The Preliminary Conference forms are on-line or available with the individual judges.  The completion of these documents is arduous and requires detailed information.  It is advisable to obtain these documents in advance of the conference and work with your adversary to complete them prior to going to court.  This will allow you to spend more productive time with your client and your adversary and allow for the completion of the conference expeditiously.

At the Preliminary Conference, one of the most important decisions will be the determination of the experts.  Courts normally encourage the parties to agree on neutral experts.  It is nearly impossible to convince a court to have more than one expert for issues regarding custody, pension or an appraisal for a house.  However, it may be important in a case where the monied spouse is secreting assets to have your own expert.  Most business evaluators will concede that they are less likely to "turn over every stone" in a case where they are neutral as opposed to a case where they are hired by the non-monied spouse.  Many times there are problems regarding the lack of or limited cooperation a neutral expert will provide when preparing for trial.  This is a particular disadvantage to the non-monied spouse as the monied spouse knows where every dollar is and also normally has his/her business accountant to assist the attorney.  In addition, it also may be advisable when one is valuing commercial real estate to obtain your own separate expert.  The advantage of a neutral for the court is that it makes the court’s decision easier.  The advantage to the client of having a neutral expert is that it costs less money.  However, there are situations where having a neutral expert when representing a non-monied spouse may indeed be a grave error.

Whether by ex parte motion, or simply at the Preliminary Conference, E-Discovery is often essential for both personal and business computers.  Schreiber v. Schreiber, 29 Misc.3d 171 (Kings 2010); Etzion v. Etzion, 7 Misc.3d 940 (Nassau 2005).  It may be advisable to obtain a computer expert to determine if any information has been deleted or hidden from easy access.

When valuing a professional practice, the courts’ prefer the "excess earnings valuation" method.  Accordingly, it is extremely important to have the earnings adjusted for improper writeoffs and unreported income .  The actual income will not only affect the maintenance and child support award, but will drive the value of the business or practice as well.  It is a mistake to simply hand over your case to the expert, particularly a neutral.  The client has retained you based on your reputation and you are ultimately the "captain of your ship."  It is important that you maintain your goodwill with the client for this particular case as well as for future referrals.  You must push the neutral expert and make sure that he/she examines everything that you and your client believe is important.  One also must be careful when representing the non-monied spouse to make sure that the neutral expert’s retainer is not limited to valuation of the business, but also includes the determination of the owner-spouses actual income.   This is of particular importance when a business is valued other than the excess earnings method such as discounted cash flow or comparable sales when actual earnings are less important.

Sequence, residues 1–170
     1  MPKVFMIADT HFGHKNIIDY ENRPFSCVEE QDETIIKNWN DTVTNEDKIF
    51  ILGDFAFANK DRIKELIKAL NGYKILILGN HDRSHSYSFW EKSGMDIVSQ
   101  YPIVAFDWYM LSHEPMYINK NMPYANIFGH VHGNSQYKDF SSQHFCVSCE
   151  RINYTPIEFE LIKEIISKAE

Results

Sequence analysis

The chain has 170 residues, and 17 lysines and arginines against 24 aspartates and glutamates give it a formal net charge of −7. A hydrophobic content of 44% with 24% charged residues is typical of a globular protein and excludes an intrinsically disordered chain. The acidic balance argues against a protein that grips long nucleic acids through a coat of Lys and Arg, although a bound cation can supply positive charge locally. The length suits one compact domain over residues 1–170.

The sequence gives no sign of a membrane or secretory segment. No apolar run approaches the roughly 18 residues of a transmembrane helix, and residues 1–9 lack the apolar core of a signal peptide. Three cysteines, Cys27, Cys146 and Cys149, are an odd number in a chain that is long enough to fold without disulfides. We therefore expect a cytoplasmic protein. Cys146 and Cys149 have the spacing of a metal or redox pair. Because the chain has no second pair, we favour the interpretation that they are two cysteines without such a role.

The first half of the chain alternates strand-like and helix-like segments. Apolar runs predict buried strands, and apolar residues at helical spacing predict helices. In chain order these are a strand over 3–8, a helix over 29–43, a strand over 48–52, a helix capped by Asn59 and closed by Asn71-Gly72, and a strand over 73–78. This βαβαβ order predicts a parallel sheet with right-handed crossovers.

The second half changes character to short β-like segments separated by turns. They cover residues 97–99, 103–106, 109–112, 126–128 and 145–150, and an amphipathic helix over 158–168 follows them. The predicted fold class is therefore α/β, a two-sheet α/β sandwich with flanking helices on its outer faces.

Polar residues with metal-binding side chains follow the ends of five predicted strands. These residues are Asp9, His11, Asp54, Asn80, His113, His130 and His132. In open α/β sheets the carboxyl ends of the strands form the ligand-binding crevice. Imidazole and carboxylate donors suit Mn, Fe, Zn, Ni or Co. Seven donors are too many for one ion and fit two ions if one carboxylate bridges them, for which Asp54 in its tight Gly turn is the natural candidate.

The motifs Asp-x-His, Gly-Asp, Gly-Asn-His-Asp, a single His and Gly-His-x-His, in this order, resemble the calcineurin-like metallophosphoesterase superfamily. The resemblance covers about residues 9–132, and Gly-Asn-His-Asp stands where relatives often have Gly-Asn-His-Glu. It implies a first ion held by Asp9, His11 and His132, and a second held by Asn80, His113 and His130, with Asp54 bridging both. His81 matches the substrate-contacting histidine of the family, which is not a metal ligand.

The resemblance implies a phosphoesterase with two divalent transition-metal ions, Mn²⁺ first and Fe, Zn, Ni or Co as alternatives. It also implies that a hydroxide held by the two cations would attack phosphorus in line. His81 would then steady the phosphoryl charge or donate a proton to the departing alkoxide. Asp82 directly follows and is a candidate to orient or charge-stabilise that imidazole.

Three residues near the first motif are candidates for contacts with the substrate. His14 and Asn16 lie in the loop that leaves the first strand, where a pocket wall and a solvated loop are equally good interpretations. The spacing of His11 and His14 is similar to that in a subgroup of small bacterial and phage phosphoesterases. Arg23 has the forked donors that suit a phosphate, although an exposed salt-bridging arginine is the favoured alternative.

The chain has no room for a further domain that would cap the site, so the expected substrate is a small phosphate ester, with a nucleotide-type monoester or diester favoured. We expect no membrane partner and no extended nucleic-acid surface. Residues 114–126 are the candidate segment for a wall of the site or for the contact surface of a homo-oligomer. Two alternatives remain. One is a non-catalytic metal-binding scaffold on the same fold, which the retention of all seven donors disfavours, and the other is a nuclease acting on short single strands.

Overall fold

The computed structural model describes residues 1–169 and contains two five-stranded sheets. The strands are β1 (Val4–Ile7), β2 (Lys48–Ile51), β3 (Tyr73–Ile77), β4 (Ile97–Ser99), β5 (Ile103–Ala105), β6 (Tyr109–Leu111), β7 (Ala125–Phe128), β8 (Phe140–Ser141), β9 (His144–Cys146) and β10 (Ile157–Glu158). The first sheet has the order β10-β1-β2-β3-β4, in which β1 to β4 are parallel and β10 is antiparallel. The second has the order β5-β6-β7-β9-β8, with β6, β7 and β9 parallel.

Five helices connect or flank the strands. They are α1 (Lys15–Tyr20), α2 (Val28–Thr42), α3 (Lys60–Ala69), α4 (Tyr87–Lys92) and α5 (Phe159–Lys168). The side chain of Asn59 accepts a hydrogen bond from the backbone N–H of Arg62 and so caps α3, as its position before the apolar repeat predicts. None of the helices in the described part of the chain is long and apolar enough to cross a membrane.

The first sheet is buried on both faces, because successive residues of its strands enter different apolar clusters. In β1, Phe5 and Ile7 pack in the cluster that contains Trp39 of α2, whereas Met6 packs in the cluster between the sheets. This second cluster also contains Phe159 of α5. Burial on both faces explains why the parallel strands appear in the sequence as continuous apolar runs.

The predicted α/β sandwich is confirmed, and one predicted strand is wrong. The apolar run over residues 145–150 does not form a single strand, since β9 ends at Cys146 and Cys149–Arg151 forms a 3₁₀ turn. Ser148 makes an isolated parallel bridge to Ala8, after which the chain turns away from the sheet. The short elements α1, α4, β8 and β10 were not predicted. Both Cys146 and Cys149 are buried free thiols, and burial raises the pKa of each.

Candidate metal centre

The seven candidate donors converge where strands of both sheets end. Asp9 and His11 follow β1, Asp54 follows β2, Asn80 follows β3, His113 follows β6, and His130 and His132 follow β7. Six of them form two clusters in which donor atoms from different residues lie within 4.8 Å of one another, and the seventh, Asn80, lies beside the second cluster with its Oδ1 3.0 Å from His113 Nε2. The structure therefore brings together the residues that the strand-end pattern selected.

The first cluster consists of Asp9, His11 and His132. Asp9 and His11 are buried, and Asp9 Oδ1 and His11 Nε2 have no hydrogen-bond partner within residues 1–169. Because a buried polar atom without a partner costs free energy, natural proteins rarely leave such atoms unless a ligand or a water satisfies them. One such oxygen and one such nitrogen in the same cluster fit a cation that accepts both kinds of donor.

It is also critical that the appropriate reasonable compensation is determined by the expert.  Reasonable compensation is that which would be paid to an employee to perform the function of the owner.  For example, if a physician earns $350,000 and he or she is an internist, and the average income of an internist is $180,000, then the difference would be the excess earnings which is over the reasonable compensation.  That number is capitalized in order to obtain the "goodwill," which is then added to the value of the hard assets.  If the comparable sales approach is used, it is important that the companies which are compared to the spouse’s company at issue, are in fact comparable as often times there are substantial differences.  The attorney must be diligent and not accept the expert’s report or investigation at face value.

When valuing enhanced earnings, it is important to make sure that the expert compares the present earnings to the earnings that the spouse would have had his or her education been completed at the time of the marriage.  O’Brien v. O’Brien, 66 N.Y.2d 576 (1985).  Accordingly, it is important that a doctor who graduated medical school at the time of the marriage but that had not completed his or her internship, residency or fellowship is compared to a person’s earnings after completion of graduate school and not simply to a college graduate who would not have four years of post graduate education.  Information regarding the completion of any portion of the requirements of the advanced degree or license is necessary to apply the coverture fraction to determine the percentage of marital property.  Additionally, it is relevant to explore whether or not the advanced degree or license is needed for that spouses particular job.  Although this may well go to a fact finding hearing, it is important to obtain the value without the license or degree in the event you are able to establish that such an advanced degree or license is not necessary or relevant to the spouse’s present position.